Hmm. Works on x86 Ubuntu, but not so good on the Raspi. Not sure why - all the stuff installs OK and runs, just not getting any data from the device. Need to do a bit more investigation, but my Raspi SD card kernel/apps install is getting a bit flakey, so think may need to start afresh with a new kernel - think one was recently released at work so will try that.
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by jamesh » Tue Oct 11, 2011 9:40 pm
I think the usbserial module might be missing.....not sure I built it in to the kernel, or even enabled it as a module. http://gpsd.berlios.de/trouble.....oting.html

Something for tomorrow I think!
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by ajford » Thu Oct 20, 2011 1:46 am
For FM, you can use http://www.sparkfun.com/products/10344 if you want to implement a serial interface to it, or this parallax module if you want i2c: http://www.parallax.com/Store/.....roductName

As for maps, if you know you'll have internet connectivity, you could use the Google Maps API and pass it through some image handling code to change the color. Image Magic or maybe Python Image Library, or possible Cairo.

I've never used gpsDrive, but if you can manipulate the map db, then you can also use image handling code to 'greenify' your maps.

For data, you could also embed an all-in-one card reader, and tuck in a USB port. Bluetooth might also be useful, but honestly I've NEVER been able to get bluetooth file transfer working on ANYTHING. Also, a crazy idea might be to embed a usb 'zipcord' which is tied to one of those USB Host-to-Host cables, but I've never used them on linux before.
Also, I've heard talk of being able to configure linux to act as a USB slave, but I think that depends on your USB controller. Any input from RPi folks as to that?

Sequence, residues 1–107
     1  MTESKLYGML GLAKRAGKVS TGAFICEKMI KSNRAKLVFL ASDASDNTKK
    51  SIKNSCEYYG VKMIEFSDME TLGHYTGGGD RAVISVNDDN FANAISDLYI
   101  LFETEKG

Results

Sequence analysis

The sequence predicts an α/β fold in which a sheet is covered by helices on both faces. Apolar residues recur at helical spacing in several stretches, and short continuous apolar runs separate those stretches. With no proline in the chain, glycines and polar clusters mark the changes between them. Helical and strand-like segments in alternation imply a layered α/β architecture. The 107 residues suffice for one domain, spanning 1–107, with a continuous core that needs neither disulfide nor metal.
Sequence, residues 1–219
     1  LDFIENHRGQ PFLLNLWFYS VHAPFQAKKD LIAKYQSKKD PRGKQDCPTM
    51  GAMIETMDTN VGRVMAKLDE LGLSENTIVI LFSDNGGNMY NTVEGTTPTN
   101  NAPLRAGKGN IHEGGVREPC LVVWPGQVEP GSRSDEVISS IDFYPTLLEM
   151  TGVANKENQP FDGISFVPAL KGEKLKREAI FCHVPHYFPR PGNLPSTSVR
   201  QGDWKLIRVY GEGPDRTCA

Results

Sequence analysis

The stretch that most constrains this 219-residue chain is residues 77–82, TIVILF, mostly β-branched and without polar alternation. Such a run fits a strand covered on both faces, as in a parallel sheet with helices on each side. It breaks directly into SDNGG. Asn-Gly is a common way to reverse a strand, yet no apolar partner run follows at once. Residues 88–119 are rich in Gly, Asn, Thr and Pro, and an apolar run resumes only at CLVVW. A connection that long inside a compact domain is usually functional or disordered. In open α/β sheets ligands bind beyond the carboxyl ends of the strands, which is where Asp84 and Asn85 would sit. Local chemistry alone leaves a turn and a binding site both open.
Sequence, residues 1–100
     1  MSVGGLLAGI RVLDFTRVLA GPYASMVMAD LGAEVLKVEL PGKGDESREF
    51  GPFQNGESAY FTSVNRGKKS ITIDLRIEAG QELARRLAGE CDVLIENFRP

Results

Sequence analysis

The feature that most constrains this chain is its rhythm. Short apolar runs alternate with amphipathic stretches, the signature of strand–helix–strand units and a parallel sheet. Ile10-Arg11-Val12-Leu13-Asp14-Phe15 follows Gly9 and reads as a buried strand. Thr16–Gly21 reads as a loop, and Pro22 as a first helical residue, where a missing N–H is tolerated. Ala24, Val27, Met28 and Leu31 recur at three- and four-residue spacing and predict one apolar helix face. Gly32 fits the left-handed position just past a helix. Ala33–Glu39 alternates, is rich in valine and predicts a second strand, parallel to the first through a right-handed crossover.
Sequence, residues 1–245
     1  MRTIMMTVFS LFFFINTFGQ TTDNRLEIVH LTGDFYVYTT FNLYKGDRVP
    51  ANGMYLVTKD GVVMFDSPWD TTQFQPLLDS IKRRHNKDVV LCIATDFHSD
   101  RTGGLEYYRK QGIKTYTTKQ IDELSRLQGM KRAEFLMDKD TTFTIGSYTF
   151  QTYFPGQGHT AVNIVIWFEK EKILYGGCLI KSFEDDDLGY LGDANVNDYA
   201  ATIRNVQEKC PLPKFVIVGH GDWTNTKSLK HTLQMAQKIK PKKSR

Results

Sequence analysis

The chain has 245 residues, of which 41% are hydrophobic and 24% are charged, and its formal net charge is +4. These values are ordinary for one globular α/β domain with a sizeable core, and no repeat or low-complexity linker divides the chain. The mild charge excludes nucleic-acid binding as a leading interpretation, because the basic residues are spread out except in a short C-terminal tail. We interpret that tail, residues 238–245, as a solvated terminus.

[EDIT]: Looks like you can have Google Maps do the colorizing for you. Check out the Maps API : http://code.google.com/apis/ma.....StyledMaps
A few screens down shows how to specify the colors of various map items (roads, topography, etc.) as well as markers (even using true-to-F3 markers ;) ).
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by Warringer » Thu Oct 20, 2011 5:51 pm
When you get around to build that thing. Please, PLEASE share how you did it.

Anyway, if you are concerned about not having enough space, remove any cases from the various USB devices. Heck you can even use normal cables and solder then to the devices instead of plugging them into the Pi or USB hub.

I know I did the same to add a few more features to my Aspire One.

For file transfers, why not set up some sort of WiFi server to transfer files to and from via web interface? Alternatively you can also include a USB port.
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by spamel » Sun Jan 01, 2012 9:33 pm
Nice idea, and one that I also thought about so I will be watching this with interest. I have seen the PB3K moulded by Skruffy and they are spot on, but it would be amazing if it could be made in durable aluminium that could be machined thinner and yet be stronger. I agree that touch screens would not stay true to the original design, but if you wanted to do anything overly complex then it may become a necessity. I saw the working version that was made and was overawed, a bit sad it couldn"t be worn though! I look forward to seeing this project develop.